European lawmakers are set to resume trilogue talks between the EU Parliament, the EU Council of Ministers, and the European Commission, concerning the AI Act today following Thursday’s grueling 22-hour debate.
Despite yesterday’s failure to come to a consensus, European Commissioner Thierry Breton posted to X:
Lots of progress made over past 22 hours on the #AIAct
Resuming work with EU Parliament and Council tomorrow at 9:00 AM
— Thierry Breton (@ThierryBreton) December 7, 2023
Provisional terms for regulating generative AI systems such as that of OpenAI’s ChatGPT were reached early on Thursday, with Reuters reporting that the Commission would have a list of AI Models on file that it deemed a “systemic risk”, with providers of all-purpose AI technologies mandated with disclosing details of the content used to train them.
A potential loophole in the making, the law could also see free and open-source AI licenses exempt from regulation.
22 hours and counting
A key sticking point to achieving a consensus has been the usage of AI in biometric surveillance. While EU lawmakers have pushed to ban the usage of the technology altogether in this realm, certain bloc states are lobbying for an exemption when used for the purposes of national security, defence, and in the military.
An outdated playbook
While Brussels labours on today trying to achieve a landmark agreement that would potentially set a global precedent and establish a first-mover advantage, the Commission is trying to finalise details of legislation that was first proposed in 2021.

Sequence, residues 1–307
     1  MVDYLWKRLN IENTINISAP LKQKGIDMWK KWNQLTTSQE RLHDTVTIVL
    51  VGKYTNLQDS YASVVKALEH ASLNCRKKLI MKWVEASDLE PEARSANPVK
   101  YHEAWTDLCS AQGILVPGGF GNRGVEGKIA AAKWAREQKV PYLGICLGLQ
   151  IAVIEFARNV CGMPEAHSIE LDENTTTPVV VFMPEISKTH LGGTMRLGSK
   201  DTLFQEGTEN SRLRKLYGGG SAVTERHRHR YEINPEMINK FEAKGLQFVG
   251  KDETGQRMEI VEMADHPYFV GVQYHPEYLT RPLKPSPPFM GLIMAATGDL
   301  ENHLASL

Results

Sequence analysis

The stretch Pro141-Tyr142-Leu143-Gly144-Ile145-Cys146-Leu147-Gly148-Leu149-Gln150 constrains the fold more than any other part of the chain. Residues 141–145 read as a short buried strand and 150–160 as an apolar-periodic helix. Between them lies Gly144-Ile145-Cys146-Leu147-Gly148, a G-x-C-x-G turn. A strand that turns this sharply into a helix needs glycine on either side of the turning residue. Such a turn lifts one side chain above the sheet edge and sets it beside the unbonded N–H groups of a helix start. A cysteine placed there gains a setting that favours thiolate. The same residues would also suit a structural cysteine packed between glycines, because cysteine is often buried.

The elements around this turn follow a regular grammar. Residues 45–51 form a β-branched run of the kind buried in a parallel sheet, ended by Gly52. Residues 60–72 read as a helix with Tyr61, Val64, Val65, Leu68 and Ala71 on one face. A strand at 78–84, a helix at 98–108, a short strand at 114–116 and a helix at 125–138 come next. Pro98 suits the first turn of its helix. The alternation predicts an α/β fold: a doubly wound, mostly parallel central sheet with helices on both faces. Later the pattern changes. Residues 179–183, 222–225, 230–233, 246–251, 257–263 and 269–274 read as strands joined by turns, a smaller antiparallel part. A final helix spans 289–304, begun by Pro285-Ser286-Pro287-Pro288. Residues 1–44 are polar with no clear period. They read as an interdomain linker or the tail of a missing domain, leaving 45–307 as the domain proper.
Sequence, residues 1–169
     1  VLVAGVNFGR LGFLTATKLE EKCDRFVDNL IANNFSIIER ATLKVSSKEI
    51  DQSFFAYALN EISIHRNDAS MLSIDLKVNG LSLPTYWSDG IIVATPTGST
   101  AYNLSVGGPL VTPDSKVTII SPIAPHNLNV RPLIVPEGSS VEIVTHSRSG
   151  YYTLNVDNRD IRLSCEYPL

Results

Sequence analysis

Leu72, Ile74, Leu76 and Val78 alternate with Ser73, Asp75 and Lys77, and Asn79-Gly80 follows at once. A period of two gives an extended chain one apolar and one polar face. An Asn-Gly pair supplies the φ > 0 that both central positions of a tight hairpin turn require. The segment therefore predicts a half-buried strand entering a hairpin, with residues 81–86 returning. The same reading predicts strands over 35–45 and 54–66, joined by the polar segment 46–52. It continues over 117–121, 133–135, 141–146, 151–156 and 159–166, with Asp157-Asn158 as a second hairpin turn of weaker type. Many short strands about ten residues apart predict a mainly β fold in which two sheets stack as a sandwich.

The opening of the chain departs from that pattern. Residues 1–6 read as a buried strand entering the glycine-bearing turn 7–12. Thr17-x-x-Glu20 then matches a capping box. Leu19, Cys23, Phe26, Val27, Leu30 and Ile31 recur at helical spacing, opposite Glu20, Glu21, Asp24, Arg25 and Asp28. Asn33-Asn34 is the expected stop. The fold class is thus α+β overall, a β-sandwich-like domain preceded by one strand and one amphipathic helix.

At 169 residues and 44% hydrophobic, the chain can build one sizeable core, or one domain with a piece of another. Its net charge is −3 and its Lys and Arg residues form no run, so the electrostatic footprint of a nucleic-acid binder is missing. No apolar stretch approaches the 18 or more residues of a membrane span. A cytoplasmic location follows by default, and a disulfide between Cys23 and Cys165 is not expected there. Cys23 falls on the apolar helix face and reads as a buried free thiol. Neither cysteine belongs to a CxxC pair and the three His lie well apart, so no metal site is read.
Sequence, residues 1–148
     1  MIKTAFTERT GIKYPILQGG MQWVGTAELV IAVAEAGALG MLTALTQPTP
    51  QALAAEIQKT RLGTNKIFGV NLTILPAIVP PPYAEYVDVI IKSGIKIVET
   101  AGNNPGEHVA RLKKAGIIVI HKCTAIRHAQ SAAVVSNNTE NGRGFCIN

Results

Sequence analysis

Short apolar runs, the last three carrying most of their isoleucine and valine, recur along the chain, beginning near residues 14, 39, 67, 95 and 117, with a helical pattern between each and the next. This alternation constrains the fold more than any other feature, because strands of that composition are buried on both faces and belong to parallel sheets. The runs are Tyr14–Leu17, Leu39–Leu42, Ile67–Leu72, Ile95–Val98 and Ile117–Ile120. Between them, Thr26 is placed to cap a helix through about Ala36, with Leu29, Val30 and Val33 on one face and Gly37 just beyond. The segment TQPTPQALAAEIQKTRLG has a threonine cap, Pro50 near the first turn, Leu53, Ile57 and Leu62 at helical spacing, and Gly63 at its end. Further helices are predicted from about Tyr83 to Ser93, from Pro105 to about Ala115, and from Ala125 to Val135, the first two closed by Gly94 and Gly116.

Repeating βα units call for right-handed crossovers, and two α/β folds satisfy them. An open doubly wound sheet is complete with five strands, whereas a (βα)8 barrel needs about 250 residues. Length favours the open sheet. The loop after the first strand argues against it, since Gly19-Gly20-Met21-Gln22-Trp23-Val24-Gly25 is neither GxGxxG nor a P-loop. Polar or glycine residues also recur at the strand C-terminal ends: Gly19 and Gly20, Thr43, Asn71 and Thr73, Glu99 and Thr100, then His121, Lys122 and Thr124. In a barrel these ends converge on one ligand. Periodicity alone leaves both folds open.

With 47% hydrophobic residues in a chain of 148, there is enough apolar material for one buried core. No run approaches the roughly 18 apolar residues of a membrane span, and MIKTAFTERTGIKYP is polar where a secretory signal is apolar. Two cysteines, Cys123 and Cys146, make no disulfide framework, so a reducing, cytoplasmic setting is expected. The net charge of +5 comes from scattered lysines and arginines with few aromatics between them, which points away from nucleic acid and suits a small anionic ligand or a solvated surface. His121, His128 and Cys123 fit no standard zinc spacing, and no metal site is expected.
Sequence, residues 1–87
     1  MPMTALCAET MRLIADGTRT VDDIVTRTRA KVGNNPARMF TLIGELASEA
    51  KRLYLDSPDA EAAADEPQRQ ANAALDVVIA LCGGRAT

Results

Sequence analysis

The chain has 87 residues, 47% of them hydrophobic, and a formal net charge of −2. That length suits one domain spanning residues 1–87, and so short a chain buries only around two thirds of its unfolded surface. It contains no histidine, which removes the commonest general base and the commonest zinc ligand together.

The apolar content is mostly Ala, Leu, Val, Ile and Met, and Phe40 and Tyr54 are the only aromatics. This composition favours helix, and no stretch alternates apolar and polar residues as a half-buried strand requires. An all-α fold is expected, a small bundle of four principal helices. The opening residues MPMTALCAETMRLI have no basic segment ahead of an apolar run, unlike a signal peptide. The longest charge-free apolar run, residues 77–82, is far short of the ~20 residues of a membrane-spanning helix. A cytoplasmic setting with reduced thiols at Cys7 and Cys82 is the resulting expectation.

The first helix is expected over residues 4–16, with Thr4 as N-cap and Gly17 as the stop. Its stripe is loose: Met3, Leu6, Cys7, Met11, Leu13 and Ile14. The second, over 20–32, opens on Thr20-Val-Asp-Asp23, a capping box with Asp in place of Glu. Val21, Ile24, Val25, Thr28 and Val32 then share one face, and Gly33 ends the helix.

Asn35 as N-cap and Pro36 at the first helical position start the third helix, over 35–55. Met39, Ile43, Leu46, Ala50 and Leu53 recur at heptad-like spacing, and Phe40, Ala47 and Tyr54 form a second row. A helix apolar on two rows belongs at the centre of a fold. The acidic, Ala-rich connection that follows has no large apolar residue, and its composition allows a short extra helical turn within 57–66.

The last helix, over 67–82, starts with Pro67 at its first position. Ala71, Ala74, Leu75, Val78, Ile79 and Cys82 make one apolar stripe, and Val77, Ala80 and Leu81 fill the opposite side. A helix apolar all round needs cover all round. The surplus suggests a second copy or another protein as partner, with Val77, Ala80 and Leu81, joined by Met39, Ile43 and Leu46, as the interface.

Although the potential power and benefits and dangers of AI have been known for quite some time, the technology was relatively under the radar of the general populus.
All of that changed on the 30th of November 2022 when OpenAI launched ChatGPT and the world collectively saw it with its own eyes.
Even now, as lawmakers haggle over regulation, weighing the potential up and down sides of the technology, Google has released a new AI model, Gemini, that it says outdoes ChatGPT in just about every area.
The election clock
Should a provisional consensus be achieved soon, it would provide the AI Act a chance to become the law before the upcoming European parliamentary elections in June. If the deal is not reached on time, however, the legislation faces the possibility of being shelved.
If enacted, EU AI Act regulations are expected to take effect sometime after 2025.
Talks resume today at 9:00 CET.
Lead image: vecstock